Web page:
Philosophy of Education

The Gathering Place® recognizes the foundational importance (home, school, and church) of the early preschool years in shaping and molding the heart, mind and soul of a child. Our aim is to inspire each child with a passion for learning and build positive foundational memories while providing opportunities that encourage each child to grow to their fullest potential.

Our Christian early educational environment is based on foundational biblical truths which emphasize the importance of developing Christian character and values such as loving God, themselves and others. Our developmentally appropriate curriculum is taught, caught, and seen throughout the day in a dynamic, safe and nurturing interactive environment. Our focus is not to just talk about God's love, but for the children and families we serve to experience God's love in tangible ways.

Our teachers are more then "facilitators of learning." They "touch" the children's hearts as well as their minds. They serve as loving guides and models to the children in the wonderful process of learning through relationship building. They strive to prepare the children with the skills, abilities and motivation that will help them to understand, appreciate and live a Christian life in this world in which God has placed them.

Our teachers set the tone for the learning process by providing structured and unstructured activities, indoor and outdoor events, daily routines, and timely teachable moments. They provide an environment that is safe, healthy, inviting and well maintained while balancing rest and activity. Structured activities such as art projects over time, center time for curriculum subjects, small group activities and lunch include the routines that provide stability and familiarity necessary for young children, as well as learning activities that connect to them to developmentally appropriate learning goals.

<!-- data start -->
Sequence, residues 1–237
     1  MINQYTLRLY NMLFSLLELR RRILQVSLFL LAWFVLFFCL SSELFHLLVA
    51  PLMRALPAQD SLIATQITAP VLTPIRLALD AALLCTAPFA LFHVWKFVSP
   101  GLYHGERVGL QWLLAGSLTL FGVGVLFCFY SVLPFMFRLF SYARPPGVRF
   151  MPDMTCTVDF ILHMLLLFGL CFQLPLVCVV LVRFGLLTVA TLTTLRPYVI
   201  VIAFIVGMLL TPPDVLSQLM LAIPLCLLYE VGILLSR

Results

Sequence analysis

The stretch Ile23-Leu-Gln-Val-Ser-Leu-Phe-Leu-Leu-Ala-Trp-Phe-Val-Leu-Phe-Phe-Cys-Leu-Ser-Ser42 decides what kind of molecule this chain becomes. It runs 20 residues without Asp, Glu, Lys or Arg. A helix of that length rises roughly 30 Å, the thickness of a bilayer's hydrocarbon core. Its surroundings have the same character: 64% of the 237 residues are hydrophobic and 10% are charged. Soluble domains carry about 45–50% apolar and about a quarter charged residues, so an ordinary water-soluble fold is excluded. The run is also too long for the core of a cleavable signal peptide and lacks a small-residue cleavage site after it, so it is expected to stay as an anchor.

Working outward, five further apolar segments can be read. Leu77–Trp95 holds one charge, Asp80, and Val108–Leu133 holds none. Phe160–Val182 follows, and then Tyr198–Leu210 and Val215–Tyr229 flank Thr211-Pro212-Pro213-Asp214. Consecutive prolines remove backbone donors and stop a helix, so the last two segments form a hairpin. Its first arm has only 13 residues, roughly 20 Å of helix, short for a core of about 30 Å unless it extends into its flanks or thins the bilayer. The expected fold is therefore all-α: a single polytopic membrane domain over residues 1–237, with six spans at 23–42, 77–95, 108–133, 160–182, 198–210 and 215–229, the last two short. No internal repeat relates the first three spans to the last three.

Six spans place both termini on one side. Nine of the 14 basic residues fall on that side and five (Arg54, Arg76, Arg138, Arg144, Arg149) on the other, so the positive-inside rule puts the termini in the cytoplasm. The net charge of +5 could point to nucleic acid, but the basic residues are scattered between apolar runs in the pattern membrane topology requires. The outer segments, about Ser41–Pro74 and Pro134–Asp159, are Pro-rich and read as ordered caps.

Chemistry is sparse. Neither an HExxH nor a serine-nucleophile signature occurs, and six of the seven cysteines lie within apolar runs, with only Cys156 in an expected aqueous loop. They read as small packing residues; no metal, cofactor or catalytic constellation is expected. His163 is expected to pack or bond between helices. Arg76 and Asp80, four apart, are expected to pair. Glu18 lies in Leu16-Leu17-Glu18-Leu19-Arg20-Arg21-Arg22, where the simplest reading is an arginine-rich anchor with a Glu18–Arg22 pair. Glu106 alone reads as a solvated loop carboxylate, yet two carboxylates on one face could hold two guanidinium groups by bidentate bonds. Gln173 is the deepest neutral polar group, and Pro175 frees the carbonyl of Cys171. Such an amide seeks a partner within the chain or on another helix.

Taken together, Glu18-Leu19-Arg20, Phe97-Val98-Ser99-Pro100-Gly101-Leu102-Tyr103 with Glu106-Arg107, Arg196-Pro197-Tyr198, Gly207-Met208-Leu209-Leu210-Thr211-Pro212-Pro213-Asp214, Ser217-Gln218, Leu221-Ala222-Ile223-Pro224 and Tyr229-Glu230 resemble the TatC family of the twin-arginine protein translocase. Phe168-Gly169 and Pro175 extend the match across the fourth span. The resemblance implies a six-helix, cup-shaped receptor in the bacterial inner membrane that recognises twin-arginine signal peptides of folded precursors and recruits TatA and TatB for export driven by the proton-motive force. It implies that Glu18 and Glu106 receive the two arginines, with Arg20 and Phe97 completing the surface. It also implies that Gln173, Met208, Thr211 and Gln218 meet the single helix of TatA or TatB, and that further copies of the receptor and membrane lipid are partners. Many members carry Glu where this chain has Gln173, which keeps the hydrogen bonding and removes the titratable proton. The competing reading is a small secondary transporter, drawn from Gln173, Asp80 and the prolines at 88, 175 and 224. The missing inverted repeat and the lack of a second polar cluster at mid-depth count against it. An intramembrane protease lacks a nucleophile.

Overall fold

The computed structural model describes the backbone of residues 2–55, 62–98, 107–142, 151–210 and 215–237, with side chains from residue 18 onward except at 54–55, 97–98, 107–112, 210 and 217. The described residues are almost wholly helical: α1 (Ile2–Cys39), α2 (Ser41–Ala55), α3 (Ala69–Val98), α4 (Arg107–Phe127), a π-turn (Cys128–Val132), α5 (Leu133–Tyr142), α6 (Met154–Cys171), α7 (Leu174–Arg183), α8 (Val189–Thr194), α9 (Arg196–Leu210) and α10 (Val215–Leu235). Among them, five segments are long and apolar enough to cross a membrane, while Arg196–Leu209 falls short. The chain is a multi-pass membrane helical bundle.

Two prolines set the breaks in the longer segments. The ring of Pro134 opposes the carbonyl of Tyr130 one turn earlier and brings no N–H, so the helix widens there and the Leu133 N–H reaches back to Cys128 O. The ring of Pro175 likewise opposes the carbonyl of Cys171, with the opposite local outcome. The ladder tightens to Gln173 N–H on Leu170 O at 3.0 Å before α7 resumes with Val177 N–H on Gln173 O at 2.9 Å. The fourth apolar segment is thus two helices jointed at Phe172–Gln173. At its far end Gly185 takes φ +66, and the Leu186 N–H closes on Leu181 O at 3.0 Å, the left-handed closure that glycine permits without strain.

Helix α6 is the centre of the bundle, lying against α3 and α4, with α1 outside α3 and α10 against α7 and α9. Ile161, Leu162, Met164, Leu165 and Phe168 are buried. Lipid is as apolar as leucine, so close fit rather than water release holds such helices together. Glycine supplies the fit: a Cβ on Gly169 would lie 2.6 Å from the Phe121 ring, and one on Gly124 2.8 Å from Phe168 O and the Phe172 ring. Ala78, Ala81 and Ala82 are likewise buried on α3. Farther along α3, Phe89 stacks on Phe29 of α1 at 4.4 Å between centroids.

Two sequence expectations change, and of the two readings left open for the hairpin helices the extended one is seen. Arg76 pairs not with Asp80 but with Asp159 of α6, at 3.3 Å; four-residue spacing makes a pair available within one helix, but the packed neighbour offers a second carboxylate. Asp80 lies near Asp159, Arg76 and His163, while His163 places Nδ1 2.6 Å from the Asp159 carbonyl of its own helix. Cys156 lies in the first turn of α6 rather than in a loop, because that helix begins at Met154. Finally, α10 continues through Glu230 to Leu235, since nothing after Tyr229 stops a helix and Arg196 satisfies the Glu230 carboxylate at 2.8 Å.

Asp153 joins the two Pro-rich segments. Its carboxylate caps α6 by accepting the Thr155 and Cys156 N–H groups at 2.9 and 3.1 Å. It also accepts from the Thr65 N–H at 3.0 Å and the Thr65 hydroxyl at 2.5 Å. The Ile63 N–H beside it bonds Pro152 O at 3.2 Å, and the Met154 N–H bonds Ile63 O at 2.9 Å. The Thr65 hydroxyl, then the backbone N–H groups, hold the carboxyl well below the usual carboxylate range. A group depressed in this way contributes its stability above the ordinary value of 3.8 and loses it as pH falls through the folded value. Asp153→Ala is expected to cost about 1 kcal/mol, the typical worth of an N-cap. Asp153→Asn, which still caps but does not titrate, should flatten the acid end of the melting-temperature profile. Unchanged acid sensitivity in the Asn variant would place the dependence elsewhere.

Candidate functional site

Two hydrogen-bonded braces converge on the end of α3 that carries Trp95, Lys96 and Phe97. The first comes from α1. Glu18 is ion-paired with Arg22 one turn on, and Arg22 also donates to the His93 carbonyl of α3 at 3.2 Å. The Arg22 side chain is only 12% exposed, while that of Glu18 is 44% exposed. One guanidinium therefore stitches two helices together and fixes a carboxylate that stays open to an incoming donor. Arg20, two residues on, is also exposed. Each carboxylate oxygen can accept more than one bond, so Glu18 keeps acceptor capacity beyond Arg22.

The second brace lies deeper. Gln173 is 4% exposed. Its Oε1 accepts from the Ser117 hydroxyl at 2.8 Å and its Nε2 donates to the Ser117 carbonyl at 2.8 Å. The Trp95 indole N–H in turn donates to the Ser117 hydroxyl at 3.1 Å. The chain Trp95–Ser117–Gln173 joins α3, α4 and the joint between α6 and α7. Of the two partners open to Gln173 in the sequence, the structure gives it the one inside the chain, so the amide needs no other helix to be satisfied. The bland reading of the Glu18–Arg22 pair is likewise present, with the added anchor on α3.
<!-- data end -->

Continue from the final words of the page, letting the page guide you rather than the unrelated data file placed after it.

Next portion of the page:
The Gathering Place's® Curriculum is carefully designed to:

  1. Provide opportunities that inspire the child’s spiritual, intellectual, social, emotional and physical growth and development and communicate assessment and evaluative information to the families we serve.
  2. Address the differences in learning styles, abilities and interests of young children by engaging a variety of teaching methods and coordinating the efforts of teachers towards developmentally appropriate practices.
  3. Create a balanced approach that recognizes the importance of how children learn (the process) and not just what children learn (the end result). For example, we have incorporated an academically thorough and balanced literacy program that takes into account that children learn primarily through play, fantasy, interactive learning experiences and repetition.
  4. Simplify complex concepts and break them down into manageable steps.
  5. Support the primary role that parents play in a child’s life.